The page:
Today I have a simple question for you: Are you trusted? I imagine that many of you quickly answered “yes”, without giving the matter much thought. Note here, though, that I didn’t ask whether you are “trustworthy”, I asked whether you are “trusted”; there is an ocean of difference between the two.
To be trustworthy is a hypothetical designation based on a mixture of opinion and personal experience, making it a subjective appraisal of character. To be “trusted”, however, is a designation that is earned or conferred based on actual performance. Most often, you can only become “trusted” after you have proven yourself to be trustworthy.
Now let me ask the question again.
Are you trusted and if so, to what extent are you trusted?
“What on earth do you mean?”
Glad you asked.
Once upon a time, a man’s word was his bond. Is that still the case in the age of internet or are we living in a time when “influence” is prized above trust?
I don’t know about you, but I have yet to find a YouTube channel or a Facebook page which displayed the number of people who trusted the owner of the page next to the number of followers. What would happen if this new statistic was a prerequisite? How would that change online broadcasting?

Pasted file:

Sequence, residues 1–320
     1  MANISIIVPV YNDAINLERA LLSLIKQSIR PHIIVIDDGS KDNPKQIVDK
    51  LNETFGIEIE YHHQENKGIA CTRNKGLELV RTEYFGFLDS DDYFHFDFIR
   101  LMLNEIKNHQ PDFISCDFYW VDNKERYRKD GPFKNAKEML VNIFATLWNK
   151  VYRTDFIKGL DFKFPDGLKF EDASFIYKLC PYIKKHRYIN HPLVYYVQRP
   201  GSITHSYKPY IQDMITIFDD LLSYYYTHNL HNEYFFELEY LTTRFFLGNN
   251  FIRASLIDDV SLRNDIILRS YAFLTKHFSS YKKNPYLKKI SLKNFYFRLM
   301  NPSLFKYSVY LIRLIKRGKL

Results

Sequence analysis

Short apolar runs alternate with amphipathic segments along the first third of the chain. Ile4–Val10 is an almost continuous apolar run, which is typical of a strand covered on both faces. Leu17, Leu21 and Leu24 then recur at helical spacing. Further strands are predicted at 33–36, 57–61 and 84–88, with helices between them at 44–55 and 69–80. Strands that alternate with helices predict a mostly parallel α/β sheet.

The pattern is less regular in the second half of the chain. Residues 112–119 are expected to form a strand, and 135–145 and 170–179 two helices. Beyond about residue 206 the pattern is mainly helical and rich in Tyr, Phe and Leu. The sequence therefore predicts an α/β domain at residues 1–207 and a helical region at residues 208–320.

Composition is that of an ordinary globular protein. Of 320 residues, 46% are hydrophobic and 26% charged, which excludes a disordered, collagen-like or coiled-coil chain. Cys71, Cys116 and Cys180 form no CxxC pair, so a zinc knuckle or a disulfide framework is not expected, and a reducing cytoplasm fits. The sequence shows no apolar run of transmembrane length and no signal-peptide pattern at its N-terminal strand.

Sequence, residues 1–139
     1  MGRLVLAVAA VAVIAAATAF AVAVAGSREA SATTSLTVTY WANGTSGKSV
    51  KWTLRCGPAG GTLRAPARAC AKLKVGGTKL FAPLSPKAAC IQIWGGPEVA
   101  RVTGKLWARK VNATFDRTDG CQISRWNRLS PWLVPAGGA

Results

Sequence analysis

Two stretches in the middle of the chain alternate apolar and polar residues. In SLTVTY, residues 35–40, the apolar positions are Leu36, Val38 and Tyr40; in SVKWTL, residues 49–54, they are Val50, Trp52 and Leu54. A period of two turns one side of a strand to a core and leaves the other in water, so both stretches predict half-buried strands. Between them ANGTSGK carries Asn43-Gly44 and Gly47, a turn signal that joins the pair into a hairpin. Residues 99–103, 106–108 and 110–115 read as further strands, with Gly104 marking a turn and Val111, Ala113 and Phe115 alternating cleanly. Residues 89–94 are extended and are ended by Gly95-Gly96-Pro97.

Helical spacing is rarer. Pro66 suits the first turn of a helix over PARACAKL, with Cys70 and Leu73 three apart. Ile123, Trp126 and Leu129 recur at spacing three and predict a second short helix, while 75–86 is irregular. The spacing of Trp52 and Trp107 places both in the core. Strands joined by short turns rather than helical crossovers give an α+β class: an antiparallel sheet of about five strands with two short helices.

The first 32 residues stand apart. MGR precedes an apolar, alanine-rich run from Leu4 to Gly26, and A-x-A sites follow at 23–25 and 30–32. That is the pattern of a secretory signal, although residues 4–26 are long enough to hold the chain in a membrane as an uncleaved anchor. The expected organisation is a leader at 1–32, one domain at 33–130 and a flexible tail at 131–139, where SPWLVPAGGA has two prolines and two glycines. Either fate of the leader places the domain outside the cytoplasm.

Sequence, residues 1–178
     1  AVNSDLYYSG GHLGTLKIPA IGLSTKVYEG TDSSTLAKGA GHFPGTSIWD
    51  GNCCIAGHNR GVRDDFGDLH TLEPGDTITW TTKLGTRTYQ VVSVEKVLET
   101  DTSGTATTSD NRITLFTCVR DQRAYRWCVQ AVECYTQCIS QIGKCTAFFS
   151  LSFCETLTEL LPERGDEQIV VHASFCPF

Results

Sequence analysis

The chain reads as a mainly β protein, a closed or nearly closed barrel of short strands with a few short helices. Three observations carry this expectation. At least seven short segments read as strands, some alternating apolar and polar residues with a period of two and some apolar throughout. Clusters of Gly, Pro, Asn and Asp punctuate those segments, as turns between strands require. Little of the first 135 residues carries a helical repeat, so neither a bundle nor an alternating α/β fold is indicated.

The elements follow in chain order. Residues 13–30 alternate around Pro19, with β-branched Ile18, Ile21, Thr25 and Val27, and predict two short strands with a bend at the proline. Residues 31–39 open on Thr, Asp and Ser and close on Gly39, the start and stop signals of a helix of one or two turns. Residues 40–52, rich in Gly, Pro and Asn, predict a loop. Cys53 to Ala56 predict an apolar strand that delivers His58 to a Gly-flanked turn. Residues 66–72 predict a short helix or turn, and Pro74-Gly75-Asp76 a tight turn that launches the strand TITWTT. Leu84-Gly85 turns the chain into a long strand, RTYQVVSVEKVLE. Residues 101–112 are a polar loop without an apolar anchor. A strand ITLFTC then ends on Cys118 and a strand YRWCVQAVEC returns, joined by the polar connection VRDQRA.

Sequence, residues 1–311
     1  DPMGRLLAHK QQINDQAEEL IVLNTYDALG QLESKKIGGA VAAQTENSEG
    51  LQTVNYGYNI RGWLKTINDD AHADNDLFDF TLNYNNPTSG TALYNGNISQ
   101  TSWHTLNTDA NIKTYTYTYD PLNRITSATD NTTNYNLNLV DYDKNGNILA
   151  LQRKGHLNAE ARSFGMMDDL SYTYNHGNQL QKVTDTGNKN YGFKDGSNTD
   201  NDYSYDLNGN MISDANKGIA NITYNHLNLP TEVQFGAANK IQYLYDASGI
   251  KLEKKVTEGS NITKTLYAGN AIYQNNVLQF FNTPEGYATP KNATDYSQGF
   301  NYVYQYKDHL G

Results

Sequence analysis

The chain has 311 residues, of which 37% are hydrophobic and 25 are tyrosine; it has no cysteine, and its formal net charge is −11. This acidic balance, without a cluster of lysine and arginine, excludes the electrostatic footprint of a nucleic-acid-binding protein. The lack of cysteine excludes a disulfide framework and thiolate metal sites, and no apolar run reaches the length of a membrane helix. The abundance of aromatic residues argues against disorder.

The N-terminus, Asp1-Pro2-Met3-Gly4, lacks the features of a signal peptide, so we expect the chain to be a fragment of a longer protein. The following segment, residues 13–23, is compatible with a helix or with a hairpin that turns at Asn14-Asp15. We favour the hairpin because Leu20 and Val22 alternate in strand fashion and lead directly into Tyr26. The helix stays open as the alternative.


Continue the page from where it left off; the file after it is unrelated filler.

Hmm … social media influencer: two million followers, currently trusted by nine people, none of whom actually know the influencer personally. Yup, that would quickly alter who was the most influential and what sort of content went viral.
Time was that a fledgeling bricks-and-mortar company would move heaven and earth to be awarded a Good Housekeeping seal of approval or a Better Business Bureau accreditation. Obtaining one of these designations verified for consumers that your product, service, or business observed ethical standards or policies and was worthy of consumer trust (as it does to this day).
Maybe it’s time everyone broadcasting over the internet was held to a similar standard.
I mean, if you claim to live in your car full-time, let a team of experts verify that it isn’t actually parked in mummy’s driveway six days a week, where you pop in for showers and hot meals twice a day.
If you claim to live off-grid, let’s make sure that you aren’t actually powering a mini-fridge by means of a 200-foot extension cord running into your kitchen from the neighbours.
If you claim to be living a life of luxury and telling everyone else that they can too if they work hard enough, let’s verify that you aren’t hiding $60,000 in credit card debt.
Scary as it would be for some of us to admit that we are ordinary people with ordinary lives and normal, everyday problems, at least we would be truthful and trustable. And you know what they say … the truth will set you free.
• Robin Trimingham is an author and thought leader in the field of retirement who specialises in helping corporate groups and individuals understand and prepare for a new life beyond work. Contact her at olderhoodgroup.com, 538-8937 or firstname.lastname@example.org